When determining eligibility, assets and/or resources are generally placed in two categories:
- COUNTABLE ASSETS / RESOURES
- Bank or Investment accounts
- IRA’s, 401K’s, 403B’s, etc.
- CD’s, Stocks, Bonds, and Deferred Annuities
- Life insurance cash values (if DB is >$1,500)
- Real Estate (other than homestead – some exceptions)
- Additional Vehicles (some exceptions)
- Safety Deposit Box Collectables
- EXEMPT ASSETS / RESOURES
- Homestead - up to $552K if unmarried
- Homestead – no limit on value if married
- Household / Personal Goods
- One Vehicle of any value
- Irrevocable Funeral Services Contract
- Life insurance cash values (if DB is <$1,500)
The maximum countable resources allowed under eligibility guidelines is $2,000. If a person’s assets currently exceed this limit, the objective is to find smart and sensible ways to use excess funds. For a single or widowed individual, there are basically two options that exist in preserving countable assets in excess of the allowable $2,000.
The first is known as "spend down". Spend down can often encompass a wide array of attractive options such as:
- Paying for Nursing Home and/or other Medical Expenses
- Paying for Renovations or Repairs on an EXEMPT homestead
- Paying for an EXEMPT Pre-need funeral plan and/or Cemetery plot
- Paying for an EXEMPT car, Insurance Premiums, Legal Assistance, and/or Taxes
- Paying Off or Down Debt (mortgages, credit cards, and bank loans)
The second option is known as "structured gifting". This method can stand-alone or be used in conjunction with an appropriate spend down. Structured gifting is a legitimate and effective means of transferring assets to a family member, close friend, or charitable organization without incurring unexpected penalties under the “60 month look back rule”. Structured gifting can result in significant preservation of countable assets making it an appealing option to many people.
WARNING - Structured gifting is a strict method of planning that must be done in accordance with acceptable guidelines. Failure to do so can result in unfavorable transfer penalties. Therefore, it is strongly recommended that you consult with a professional before proceeding.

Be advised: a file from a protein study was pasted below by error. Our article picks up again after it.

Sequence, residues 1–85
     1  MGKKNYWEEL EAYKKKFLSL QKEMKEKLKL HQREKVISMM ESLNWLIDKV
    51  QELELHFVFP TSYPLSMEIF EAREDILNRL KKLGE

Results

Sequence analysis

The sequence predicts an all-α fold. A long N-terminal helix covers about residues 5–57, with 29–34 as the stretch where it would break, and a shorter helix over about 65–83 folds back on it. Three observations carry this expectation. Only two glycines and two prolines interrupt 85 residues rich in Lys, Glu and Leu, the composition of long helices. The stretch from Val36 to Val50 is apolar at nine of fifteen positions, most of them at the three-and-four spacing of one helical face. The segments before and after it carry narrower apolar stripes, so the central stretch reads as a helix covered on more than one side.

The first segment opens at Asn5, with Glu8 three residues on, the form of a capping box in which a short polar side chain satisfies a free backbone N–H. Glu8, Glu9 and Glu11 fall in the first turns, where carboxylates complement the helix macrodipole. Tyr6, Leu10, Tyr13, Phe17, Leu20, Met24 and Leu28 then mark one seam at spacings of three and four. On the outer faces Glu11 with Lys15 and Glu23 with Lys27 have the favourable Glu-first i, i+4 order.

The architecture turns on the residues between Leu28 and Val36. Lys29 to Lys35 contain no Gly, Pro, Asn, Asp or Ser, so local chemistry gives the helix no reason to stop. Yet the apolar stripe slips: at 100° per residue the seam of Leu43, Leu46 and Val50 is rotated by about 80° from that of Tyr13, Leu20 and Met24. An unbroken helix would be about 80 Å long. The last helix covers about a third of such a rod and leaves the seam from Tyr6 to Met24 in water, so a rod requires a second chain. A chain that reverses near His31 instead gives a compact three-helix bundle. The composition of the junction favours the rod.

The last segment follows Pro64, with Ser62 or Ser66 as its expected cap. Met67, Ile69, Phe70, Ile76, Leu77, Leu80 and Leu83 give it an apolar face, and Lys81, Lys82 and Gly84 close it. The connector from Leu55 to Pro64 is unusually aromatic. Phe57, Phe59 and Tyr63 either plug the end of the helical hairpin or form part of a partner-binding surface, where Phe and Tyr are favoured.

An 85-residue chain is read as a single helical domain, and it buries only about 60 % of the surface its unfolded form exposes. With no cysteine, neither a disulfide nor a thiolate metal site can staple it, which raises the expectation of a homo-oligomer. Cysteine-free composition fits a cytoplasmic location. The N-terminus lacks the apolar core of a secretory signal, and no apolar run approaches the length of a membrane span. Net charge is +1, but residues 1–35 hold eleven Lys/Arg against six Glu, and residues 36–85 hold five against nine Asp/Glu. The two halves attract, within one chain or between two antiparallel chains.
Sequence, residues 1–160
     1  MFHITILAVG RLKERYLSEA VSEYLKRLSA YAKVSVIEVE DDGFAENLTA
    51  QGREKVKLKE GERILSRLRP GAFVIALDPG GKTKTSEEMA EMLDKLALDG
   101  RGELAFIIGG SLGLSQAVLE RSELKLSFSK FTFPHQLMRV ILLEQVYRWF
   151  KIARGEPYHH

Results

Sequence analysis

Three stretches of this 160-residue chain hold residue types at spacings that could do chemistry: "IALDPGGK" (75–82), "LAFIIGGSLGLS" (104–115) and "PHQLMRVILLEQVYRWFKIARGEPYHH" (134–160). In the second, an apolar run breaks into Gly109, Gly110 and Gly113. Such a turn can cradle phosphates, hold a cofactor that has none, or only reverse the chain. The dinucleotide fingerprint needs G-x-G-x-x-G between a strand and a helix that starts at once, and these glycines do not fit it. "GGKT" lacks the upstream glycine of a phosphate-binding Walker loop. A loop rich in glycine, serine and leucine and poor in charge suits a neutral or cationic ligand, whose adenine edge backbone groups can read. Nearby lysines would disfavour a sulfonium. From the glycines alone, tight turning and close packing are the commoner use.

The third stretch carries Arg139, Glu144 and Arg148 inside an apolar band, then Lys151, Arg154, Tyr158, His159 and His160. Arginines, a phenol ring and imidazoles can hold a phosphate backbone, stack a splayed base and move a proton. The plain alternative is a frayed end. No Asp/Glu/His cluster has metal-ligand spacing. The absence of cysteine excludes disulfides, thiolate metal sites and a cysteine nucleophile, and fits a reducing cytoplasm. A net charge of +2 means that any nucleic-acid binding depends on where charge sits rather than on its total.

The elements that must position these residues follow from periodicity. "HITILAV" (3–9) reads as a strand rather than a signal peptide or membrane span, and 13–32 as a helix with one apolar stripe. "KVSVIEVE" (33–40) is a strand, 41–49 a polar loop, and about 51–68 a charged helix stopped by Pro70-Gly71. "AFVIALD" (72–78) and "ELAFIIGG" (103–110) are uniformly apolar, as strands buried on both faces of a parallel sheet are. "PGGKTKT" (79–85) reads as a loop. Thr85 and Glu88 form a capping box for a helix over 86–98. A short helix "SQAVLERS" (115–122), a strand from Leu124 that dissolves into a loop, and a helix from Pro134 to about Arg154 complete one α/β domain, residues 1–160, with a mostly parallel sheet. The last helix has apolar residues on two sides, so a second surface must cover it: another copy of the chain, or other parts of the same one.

For married individuals, there are two additional asset preservation -- planning methods made possible by the Medicare Catastrophic Coverage Act (MCCA) of 1988. The MCCA provides certain financial protections for the community spouse.
The first protection is known as the Protected Resource Amount (PRA). After countable resources are determined, the community spouse is entitled to keep and therefore protect:
- 100% of countable assets up to $23,844 or
- 50% of available assets up to $119,220
The act also provides for the community spouse to keep 100% of the couple’s income up to $2,980.50 per month. However, there is no limit on the amount of income the community spouse can receive when the applicant's entire income is applied to the cost of care.
In order to preserve any excess countable assets, one might consider simply a petition before the Health & Human Services Commission of Texas to enhance/expand or raise the PRA as to protect not just part but all the couple’s assets. Such a petition is generally successful based on the fact that the community spouse is entitled to a maximum monthly maintenance allowance of $2,980.50. If the couple’s combined income is less than $2,980.50, the argument is made that all or a larger portion of the couple’s assets are needed in order to generate additional income. For example, if the combined income of both is only $2,500 per month yet they have $50,000 of excess assets, the case is made that the community spouse is entitled to the excess assets for the following reason. $50,000 earning a current CD rate of 1% would only generate an additional $500 per year or $42 per month of income. Added to the existing $2,500 of income we arrive at $2,542 per month, still well below the $2,980.50 minimum.
Lastly, if an appeal to enhance the PRA is not feasible, a couple can simply convert any excess assets into an income for the community spouse. This is accomplished by using what is known as a qualified pension or immediate annuity. Since there is no maximum on the amount of income the community spouse can receive, any amount of income generated by such a pension is protected for the community spouse. This option is attractive to many due to most if not all of the couple’s assets being preserved.
WARNING - Such pensions or immediate annuities must meet specific requirements in order to qualify. Therefore, it is strongly recommended that you consult with a professional before proceeding.
Finally, if you, or anyone you care about, are likely to need long-term care in the future, we encourage you to seek guidance by a qualified professional. Mistakes and costly denials can be avoided by taking proper steps to prepare before applying for assistance.